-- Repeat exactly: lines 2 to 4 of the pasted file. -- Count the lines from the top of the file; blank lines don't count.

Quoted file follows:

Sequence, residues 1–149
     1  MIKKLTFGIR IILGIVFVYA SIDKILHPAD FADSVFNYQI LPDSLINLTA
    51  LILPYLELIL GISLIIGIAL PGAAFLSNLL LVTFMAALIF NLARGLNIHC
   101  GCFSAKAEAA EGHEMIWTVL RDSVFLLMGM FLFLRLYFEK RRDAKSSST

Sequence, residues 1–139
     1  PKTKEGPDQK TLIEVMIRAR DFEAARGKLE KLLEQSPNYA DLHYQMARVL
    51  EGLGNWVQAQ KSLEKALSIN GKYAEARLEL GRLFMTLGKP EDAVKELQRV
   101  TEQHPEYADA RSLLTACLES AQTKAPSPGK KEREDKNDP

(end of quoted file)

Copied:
     1  MIKKLTFGIR IILGIVFVYA SIDKILHPAD FADSVFNYQI LPDSLINLTA
    51  LILPYLELIL GISLIIGIAL PGAAFLSNLL LVTFMAALIF NLARGLNIHC
   101  GCFSAKAEAA EGHEMIWTVL RDSVFLLMGM FLFLRLYFEK RRDAKSSST